Our family usually maintains a membership to the Dallas Zoo, which provides plenty of entertainment in its own right, but also offers discounts to several other zoos that participate in a particular network. I noticed the Cameron Park Zoo in Waco, Texas on the list, and as I had felt the urge to take a day trip somewhere that direction already, we had the perfect excuse for our excursion. However, while messing around on Instagram mere minutes before leaving, I noticed that the Mayborn Museum at Baylor University (also in Waco) had a temporary attraction based around my boys’ current favorite cartoon show, Paw Patrol. I felt practically obligated to let them experience that before it ended its run, so we made a last minute change in destination and headed there instead. (For any animal lovers rolling their eyes at me, my boys still didn’t forget the zoo, however, and asked to go there as well! We didn’t have time to do both, so I decided we would just go back down and see the zoo the following week.)
But this blog focuses on prehistory rather than random kids’ paraphernalia, and a temporary exhibit hardly tells one anything about the typical museum experience, so what of the rest of our visit? (UPDATE: the current temporary exhibit however DOES feature dinosaurs! Watch this space for further updates whenever I make it back there.) Although on roughly the same scale as a smaller museum like the Whiteside or the Heard, the Mayborn Museum has a layout and design sensibility that makes it feel like a rather larger institution. I would actually put it on roughly the same level as the Fort Worth Museum of Science and History, though I think I might like this one slightly better. Visitors begin in the main hall, with a Tyrannosaurus skeletal cast based on fossils from West Texas (though the signage acknowledges the fact that the Big Bend material may or may not represent T. rex itself), before moving on to the main exhibits, on a tour of Texas throughout history (one might even call it… Texas Through Time?).
The fossil halls give one a delightful impression of touring some mysterious old man’s private curiousity cabinet, with trimmings recalling some grand old house, and various assortments of specimens. (Historical note: “Curiosity Cabinets” were not necessarily just cupboards full of bored rich people’s knickknacks. They could comprise whole rooms or even houses, and were in many ways the first proto-museums. The title of Mary Anning’s Curiosity references this practice, common in the protagonist’s time.) One room which mildly breaks this impression houses a life-sized replica of a pliosaur discovered in the region, shown chasing a school of squid (or possibly belemnites).
Once one reaches the Protostega (a prehistoric sea turtle and close relative of the more famous Archelon), coincidentally framed in a manner very reminiscent of Jurassic World: Fallen Kingdom‘s Lockwood Manor, several passages branch off to display various other aspects of Texas’ human and natural history.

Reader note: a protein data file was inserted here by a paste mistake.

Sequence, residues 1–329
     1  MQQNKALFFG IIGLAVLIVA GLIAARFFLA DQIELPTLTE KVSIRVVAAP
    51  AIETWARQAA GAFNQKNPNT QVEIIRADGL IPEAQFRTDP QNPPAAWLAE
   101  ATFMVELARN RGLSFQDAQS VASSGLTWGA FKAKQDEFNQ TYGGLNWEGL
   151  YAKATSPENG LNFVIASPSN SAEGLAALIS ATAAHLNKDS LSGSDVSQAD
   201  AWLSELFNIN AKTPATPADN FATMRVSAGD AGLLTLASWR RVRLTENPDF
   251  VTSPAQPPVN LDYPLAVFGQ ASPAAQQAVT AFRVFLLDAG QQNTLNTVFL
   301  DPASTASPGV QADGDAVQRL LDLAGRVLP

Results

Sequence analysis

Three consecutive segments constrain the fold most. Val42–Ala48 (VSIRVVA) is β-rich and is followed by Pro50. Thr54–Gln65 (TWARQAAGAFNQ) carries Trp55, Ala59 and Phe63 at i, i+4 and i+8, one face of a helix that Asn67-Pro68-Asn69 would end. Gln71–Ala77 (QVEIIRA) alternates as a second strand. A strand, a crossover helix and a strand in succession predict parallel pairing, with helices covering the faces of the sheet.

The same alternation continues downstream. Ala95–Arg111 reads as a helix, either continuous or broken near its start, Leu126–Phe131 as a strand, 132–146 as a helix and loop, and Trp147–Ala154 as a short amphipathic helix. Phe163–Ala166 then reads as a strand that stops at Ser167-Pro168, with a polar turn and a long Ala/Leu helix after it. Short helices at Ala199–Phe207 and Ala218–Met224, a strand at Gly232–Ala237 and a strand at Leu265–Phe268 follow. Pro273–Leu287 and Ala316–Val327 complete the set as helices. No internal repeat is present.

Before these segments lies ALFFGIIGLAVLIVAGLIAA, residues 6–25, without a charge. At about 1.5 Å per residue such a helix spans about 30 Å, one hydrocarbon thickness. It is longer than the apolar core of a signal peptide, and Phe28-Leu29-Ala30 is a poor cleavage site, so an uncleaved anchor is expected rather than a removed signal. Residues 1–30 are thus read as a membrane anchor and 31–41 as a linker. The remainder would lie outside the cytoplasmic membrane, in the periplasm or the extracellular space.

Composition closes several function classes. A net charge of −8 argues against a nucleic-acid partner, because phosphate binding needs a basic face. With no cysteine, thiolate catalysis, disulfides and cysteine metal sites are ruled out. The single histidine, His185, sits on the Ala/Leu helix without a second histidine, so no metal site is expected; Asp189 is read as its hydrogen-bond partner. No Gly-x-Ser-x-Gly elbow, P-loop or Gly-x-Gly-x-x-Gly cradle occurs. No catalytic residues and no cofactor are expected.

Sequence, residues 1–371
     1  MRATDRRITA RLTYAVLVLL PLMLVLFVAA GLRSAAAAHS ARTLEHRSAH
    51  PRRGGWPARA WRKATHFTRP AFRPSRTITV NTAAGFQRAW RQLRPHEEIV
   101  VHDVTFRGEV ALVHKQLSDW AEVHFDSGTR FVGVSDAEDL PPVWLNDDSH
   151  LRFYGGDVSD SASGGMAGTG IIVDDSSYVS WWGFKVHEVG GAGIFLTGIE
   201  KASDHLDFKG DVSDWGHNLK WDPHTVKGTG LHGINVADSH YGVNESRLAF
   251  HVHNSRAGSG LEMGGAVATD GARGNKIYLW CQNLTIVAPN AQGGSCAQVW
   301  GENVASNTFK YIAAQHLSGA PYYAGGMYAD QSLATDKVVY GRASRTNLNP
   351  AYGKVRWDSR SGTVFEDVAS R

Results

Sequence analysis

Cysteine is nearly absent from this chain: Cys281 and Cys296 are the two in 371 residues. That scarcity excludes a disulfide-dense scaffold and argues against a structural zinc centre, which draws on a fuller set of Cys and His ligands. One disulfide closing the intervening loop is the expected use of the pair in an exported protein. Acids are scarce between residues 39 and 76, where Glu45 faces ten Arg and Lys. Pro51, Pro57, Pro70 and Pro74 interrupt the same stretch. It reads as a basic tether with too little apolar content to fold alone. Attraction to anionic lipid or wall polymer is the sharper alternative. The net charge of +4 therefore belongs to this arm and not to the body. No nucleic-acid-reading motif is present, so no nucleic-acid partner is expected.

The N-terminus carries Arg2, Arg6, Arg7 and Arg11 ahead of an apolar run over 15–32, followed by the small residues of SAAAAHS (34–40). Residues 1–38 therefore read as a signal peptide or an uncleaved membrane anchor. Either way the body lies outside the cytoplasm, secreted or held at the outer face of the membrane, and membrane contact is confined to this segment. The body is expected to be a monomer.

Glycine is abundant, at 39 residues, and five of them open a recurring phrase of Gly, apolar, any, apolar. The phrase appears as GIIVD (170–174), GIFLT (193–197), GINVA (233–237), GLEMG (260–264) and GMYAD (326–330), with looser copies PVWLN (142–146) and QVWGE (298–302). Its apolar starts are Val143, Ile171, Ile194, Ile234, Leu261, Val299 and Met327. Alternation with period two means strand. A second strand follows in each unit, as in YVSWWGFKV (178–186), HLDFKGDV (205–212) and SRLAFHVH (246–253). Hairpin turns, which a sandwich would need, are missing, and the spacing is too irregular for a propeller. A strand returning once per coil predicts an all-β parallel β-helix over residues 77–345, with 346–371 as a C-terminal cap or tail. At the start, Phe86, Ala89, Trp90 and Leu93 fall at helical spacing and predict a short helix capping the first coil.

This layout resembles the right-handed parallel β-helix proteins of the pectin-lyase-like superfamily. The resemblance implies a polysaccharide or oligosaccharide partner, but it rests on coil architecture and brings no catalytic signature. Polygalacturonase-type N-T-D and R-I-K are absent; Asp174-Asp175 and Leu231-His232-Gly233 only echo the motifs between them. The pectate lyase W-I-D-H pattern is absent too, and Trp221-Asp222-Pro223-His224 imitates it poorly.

The two paths to the left of the Protostega feature walkthrough reproductions of Texas caves and woodlands, while the path ahead features historical exhibits on the Native Americans and European settlers of Texas, before looping back to the main entrance. More pertinently to this blog, however, the path on the right leads visitors up a stormy gulch to the site of a mass grave… the remains of Waco’s own (former) resident Columbian Mammoth herd. The Mayborn Museum is actually the main repository for fossils excavated from the nearby Waco Mammoth National Monument, a digsite which has itself been been enclosed and turned into an in-situ museum, similar to the La Brea Tar Pits or Dinosaur National Monument. That place deserves its own review, but the Mayborn provides something of a preview with an entire semi-excavated block full of adult and juvenile mammoths skeletons, encased beneath a glass floor, allowing guests to walk all over it and examine it from above. It makes for a refreshingly different way to enjoy the fossils, adding a unique twist on the museum experience.
After making our way through the history exhibits back to the main hall, we decided to check out the other half of the museum, home to the Jeanes Discovery Center and Backyard Ecology areas. With the exception of a model railroad display, most of the interactive children’s play areas in the Discovery Center were still blocked off due to Covid precautions, but the Backyard Ecology area teaching children about local habitats and wildlife was still completely open. This area houses terrariums and aquariums full of live animals, as well as a few activities, some of which were still open. My boys most enjoyed the water play table teaching kids about river flow and hydroelectricty, and had lots of fun setting up dams to more efficiently direct the river’s flow through sets of water wheels and make them spin faster.
We had a great time at the Mayborn Museum. I have actually visited once before, a few years ago, and I enjoyed it just as much this time. The exhibits are plenty interesting & nicely designed, and while the normal children’s area wasn’t fully open during our visit, the temporary Paw Patrol attraction made up for at least some of the activities normally offered there. I recommend it to anyone in the area, and give it a satisfied Dino Dad Stomp of Approval! For more Texas museums, check out my reviews of the Whiteside Museum of Natural History, Dinosaur Valley State Park, the ICR Discovery Center, Texas Through Time, and the Heard Natural Science Museum.
That T. rex mount looks a lot like the Smithsonian’s former Stan mount to me. Just see for yourself. Must be the pose